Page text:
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Kim Jong Un Wakes From Blackout, Sees Crying Veterans

After a night of heavy drinking, North Korean dictator Kim Jong Un reportedly awakened to see several of his top military veterans crying. The dictator allegedly reprimanded the officers all night in a drunken rage, leading the military men to fear for their lives.

An anonymous source in North Korea tells UPI that Kim was blackout drunk one night in September and ordered elderly military veterans to write letters of apology or of self-criticism.

"That none of you were able to produce not even one military satellite is a misconduct that is commensurate to treason," he allegedly said.

The drunken dictator forced the veterans to stay up all night and subjected them to heavy scolding. He eventually fell asleep and woke up the next morning with no recollection of the night before.

"Why are you gathered here?" Kim asked, confused as to why top military veterans were gathered in his home. "Be careful about your health because you are all old."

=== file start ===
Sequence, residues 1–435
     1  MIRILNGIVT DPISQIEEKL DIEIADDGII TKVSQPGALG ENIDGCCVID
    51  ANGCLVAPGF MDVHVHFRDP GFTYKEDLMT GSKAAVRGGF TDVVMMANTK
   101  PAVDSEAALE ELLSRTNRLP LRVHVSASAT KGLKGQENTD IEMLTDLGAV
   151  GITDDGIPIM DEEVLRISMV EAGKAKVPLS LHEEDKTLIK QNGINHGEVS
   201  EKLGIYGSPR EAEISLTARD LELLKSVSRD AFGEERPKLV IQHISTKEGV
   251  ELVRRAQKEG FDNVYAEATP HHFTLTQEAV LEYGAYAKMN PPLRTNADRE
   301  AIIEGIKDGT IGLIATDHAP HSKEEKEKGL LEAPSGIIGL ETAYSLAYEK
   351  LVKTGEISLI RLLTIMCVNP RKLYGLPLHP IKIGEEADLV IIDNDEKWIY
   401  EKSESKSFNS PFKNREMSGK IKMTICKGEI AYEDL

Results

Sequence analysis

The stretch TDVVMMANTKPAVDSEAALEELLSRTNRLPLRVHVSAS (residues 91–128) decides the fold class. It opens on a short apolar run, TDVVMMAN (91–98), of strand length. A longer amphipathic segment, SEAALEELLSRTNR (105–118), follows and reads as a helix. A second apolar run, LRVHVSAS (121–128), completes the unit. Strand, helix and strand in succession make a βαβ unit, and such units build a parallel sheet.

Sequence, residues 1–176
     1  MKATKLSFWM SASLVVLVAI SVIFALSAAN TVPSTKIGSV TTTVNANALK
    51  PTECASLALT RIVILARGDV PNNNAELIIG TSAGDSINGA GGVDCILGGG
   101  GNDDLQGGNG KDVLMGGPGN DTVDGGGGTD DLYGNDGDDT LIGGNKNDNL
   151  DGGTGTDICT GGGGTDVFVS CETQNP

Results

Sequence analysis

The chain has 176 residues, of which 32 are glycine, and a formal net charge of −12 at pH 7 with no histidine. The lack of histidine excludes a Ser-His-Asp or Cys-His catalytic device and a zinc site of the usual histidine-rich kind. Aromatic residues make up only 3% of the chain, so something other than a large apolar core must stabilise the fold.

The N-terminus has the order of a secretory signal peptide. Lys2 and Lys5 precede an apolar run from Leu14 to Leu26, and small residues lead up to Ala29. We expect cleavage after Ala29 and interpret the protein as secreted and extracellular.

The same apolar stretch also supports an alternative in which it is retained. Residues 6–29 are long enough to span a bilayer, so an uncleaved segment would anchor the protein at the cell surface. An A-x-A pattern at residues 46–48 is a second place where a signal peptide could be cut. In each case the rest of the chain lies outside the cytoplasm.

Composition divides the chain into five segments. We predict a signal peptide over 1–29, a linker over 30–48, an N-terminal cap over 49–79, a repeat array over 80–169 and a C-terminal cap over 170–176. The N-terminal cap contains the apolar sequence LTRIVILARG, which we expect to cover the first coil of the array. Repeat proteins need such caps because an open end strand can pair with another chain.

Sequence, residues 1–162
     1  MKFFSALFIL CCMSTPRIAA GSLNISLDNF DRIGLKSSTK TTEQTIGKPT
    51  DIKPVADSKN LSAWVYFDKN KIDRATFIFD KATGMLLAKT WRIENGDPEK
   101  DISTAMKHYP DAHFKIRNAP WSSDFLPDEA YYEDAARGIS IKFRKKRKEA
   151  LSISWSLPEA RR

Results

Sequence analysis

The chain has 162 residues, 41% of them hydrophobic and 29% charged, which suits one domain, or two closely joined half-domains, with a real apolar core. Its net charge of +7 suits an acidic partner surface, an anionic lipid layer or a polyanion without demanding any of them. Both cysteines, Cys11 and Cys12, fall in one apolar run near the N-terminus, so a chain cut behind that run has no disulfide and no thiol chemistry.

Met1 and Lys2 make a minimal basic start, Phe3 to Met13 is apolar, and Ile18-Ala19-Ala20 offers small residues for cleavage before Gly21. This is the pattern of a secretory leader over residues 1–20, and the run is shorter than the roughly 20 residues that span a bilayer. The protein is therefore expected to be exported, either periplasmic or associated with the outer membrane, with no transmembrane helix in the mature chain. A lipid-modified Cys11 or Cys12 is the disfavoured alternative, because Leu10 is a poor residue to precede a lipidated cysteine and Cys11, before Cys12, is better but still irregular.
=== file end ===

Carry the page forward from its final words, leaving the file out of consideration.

The group reportedly burst into tears at that statement, UPI reports, as they were worried Kim was going to execute them.

"They were relieved because they thought they were going to be purged," the anonymous source told UPI.

Kim is reportedly a heavy drinker, and a Japanese sushi chef stated that Kim previously claimed to have drank 10 bottles of Bordeaux wine in one night.

The Telegraph reports that in 2013, Kim drunkenly ordered the death of two of his uncle's top aides. After the aides did not immediately respond to Kim's request to acquiesce a profitable business venture to the military, the dictator ordered their immediate execution, a decision he made while "very drunk."

Kim gained control of the country in 2011, after the death of his father. According to the New York Daily News, North Korea currently has medium-range missiles capable of hitting U.S. air bases in Japan. By 2020, the country could have the capability to hit the western United States.

Sources: UPI, The Telegraph, New York Daily News / Photo credit: The Guardian via The Gate

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